As for the decision being "balanced," Mark Cooper, the director of research for the Consumer Federation of America, disagreed. "This decision is bad for video consumers, who have lost an important low cost option for viewing the programming they want whenever, wherever and on the device they prefer. However, its full impact may be to unleash a flood of law suits that challenge much content distribution through the Internet cloud."
That's because the decision is not balanced from where Cooper sits. "When a decision says we don't know how we would rule in other cases, it is an open invitation to litigation, Cooper said. "Its failure to recognize the passive nature of Aereo's service will invite all manner of mischief with copyright holders suing anyone who simply passes signals to consumers of any type of content. In short, a cloud of lawsuits now hangs over cloud computing."
Cooper is not the only one who sees danger to cloud-based video services from this decision.
University of Notre Dame Law professor Mark P. McKenna, who specializes in intellectual property, trademark, patent and copyright law, said, "The Supreme Court today found that Aereo is similar to cable companies and publicly performs copyrighted works when it re-transmits over-the-air signals to its customers. Despite the Court's assurances that this is a narrow decision, it made no meaningful distinction between Aereo and other cloud computing services. The decision could therefore have enormous effect well beyond its particular context."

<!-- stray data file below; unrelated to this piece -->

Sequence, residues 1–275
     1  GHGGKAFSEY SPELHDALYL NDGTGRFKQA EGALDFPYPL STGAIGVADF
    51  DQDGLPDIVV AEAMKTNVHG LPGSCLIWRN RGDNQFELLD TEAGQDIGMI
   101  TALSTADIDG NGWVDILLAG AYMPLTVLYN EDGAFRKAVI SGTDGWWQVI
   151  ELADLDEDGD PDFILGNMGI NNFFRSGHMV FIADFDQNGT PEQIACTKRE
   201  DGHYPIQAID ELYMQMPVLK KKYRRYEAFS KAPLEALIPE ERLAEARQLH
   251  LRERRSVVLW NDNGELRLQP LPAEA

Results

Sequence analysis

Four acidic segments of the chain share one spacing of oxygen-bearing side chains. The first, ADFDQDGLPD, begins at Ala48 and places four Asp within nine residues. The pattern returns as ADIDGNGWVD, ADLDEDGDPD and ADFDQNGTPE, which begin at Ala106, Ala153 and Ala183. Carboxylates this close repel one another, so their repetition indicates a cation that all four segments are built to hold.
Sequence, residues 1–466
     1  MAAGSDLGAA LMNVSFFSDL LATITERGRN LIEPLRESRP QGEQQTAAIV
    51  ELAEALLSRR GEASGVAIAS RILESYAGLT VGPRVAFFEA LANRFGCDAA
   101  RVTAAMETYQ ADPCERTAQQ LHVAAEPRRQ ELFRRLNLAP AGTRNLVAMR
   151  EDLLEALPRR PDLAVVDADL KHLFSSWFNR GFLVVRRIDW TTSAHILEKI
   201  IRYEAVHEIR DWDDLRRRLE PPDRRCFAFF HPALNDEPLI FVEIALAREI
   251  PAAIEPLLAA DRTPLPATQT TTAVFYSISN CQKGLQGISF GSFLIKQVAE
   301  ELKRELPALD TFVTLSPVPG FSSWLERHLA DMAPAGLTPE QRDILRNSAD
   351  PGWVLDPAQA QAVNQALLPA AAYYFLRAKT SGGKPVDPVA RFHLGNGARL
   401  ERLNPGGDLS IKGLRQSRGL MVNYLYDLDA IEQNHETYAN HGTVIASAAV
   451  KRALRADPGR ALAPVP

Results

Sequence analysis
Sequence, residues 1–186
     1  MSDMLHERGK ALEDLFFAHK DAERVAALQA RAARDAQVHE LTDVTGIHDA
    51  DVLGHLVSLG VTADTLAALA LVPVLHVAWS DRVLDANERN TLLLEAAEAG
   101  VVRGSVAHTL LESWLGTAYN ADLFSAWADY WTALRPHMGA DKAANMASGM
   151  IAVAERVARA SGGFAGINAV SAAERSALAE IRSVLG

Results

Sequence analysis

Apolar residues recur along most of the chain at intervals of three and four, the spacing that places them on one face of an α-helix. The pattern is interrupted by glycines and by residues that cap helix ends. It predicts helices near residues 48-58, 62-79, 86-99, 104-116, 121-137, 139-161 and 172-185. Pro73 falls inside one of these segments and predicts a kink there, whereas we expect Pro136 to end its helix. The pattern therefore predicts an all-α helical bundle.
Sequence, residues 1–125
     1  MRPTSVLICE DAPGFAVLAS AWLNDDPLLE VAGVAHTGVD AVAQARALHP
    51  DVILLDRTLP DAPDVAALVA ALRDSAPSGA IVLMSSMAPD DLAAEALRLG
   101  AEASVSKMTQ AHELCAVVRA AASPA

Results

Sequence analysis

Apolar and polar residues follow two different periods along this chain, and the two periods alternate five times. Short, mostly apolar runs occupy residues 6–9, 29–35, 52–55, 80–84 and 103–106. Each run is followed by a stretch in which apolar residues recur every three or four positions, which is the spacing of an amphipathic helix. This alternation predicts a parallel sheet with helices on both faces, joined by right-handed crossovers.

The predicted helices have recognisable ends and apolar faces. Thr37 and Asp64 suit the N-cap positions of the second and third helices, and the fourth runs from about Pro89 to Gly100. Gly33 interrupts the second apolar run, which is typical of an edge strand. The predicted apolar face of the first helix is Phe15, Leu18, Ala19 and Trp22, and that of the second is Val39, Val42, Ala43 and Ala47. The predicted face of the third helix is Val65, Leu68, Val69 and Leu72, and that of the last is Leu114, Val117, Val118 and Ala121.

The most immediate affect of this decision won't be new services from the media companies, or an agreement that brings Aereo back online, but an increase in video piracy.
Cloud vendors are worried too.
Albert Lai, CTO of Media at video cloud services provider Brightcove, stated that "The industry takeaway from this case is the desire by consumers to have this type of (paid) access to broadcast content to satisfy their demand for any time, any screen consumption – we all need to work on a legal approach that creates value, not friction."
He's right, but I see no reason for the media companies to see it that way after their victory.
Still, as Mark Buff, CEO of cord-cutting startup and over-the-air (OTA) antenna OEM Mohu, observed, "The reason Aereo existed and became so popular was because it filled a real and growing consumer need: the freedom to watch the TV they want at a price they can afford – something cable companies couldn’t deliver. Even without Aereo, consumers still feel this way, which will continue to drive the ‘cord-cutting’ movement forward."
Buff has a point. In a world where cord-cutting is slowly but surely building up steam, these media companies may have cause to regret this "victory." By enabling the preservation of the status quo, I see the media companies sticking to its current hodgepodge offerings of Internet-borne TV sites and services. This in turn, annoys users.
These are the same users who are sick of pricey cable and satellite packages and want a la carte network and TV show access. I think the most immediate affect of this decision won't be new services from the media companies, or an agreement that brings Aereo back online, but an increase in video piracy.